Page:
Food, glorious food

Within the collection cared for by Hampshire Cultural Trust, there are some fascinating connections to food. Here is a showcase of some of the most curious, bewildering and very much inedible parts of the collection.

The world's oldest wedding cake

Believed to be the oldest wedding cake in the world, this fruit cake was displayed in Philpott's bakery in Basingstoke until 1964 when it was moved to the bakery's loft.

The cake is in remarkably good condition considering its age, with the large crack across the centre of the cake caused by bombs dropping over Basingstoke in August 1940. You can see the cake on display at the Willis Museum in Basingstoke!

The shop front of C.H Philpott at 22 Potters Lane, Basingstoke

A cured ham

This one-of-a-kind item from our collection certainly provokes more questions than answers. Two hams were cured in 1875 (149 years ago!) at Hilton in Dorset. One of these was then eaten to commemorate Queen Victoria's Golden Jubilee in 1887 with the family then having moved to Manor Farm at King's Somborne. The one we have in our collections has been curing ever since. We don't entirely know why the ham was kept for so long or why it was decided that the museum collection needed it, but we still have it in our stores at Chilcomb, Winchester.

Valentine's Meat Juice

This unopened bottle of Valentine's Meat Juice, named for its creator Mann Valentine, was originally part of a World War One Canadian food parcel. The 'juice' was said to be a protein and nutrient-packed concoction made from boiling beef bones. It was marketed as a miracle cure after Valentine had seen the positive effects of giving the drink to his ill wife who then made a swift recovery. The product made Valentine a fortune, some of which he put towards founding his namesake museum in Richmond, Virginia.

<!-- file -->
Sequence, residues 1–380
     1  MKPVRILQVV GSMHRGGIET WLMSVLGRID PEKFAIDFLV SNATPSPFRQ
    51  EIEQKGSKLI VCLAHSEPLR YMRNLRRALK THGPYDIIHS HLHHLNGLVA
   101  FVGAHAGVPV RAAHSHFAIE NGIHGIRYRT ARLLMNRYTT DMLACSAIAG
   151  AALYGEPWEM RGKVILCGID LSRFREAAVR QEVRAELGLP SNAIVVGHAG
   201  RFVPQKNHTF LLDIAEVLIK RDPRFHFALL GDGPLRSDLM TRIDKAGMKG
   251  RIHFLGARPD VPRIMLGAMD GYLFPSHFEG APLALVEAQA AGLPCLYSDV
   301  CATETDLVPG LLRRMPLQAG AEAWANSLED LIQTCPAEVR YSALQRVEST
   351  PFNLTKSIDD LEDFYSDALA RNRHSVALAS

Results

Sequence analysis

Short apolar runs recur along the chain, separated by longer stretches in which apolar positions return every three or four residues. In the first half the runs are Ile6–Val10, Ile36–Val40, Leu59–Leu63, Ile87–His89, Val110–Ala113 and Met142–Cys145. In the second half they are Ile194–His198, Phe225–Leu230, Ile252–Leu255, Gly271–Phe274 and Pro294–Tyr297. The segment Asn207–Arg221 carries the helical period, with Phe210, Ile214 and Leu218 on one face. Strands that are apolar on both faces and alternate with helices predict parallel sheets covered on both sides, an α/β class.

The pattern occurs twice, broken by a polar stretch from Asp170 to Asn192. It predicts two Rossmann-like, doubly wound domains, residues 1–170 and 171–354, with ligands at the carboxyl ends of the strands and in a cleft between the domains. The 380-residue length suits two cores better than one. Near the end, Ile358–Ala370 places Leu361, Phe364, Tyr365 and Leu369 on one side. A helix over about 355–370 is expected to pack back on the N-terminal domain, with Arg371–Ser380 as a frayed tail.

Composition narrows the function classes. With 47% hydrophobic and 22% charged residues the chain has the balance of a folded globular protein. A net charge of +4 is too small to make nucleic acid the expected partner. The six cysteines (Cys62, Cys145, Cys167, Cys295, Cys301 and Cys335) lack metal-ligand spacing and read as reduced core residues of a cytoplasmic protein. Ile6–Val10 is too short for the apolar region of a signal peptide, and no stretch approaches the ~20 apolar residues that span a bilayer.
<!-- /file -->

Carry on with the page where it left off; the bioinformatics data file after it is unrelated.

EM1999.109.1- Valentine's Meat Juice, manufactured in Richmond, Virginia, USA.

See the world's oldest wedding cake at the Willis Museum in Basingstoke.

Willis Museum and Sainsbury Gallery | Hampshire Cultural Trust
Since 1984, the Willis Museum has been housed in this impressive early Victorian building that was once Basingstoke’s Town Hall. It is named after George Willis, a local clockmaker, antiquarian and former Mayor of Basingstoke, who became the first honorary curator when the original museum was established in the Mechanics Institute in New Street in 1931.

See more of our collections through our Facebook pages or search through our online collection using the following links:

Hampshire in Old Photographs

Transport in Old Photographs

Online collections | Hampshire Cultural Trust Online Collections

This article was written by:
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Ben Murrey

Collections Assistant/Collections Programme Coordinator who looks after objects and makes them accessible to the public.
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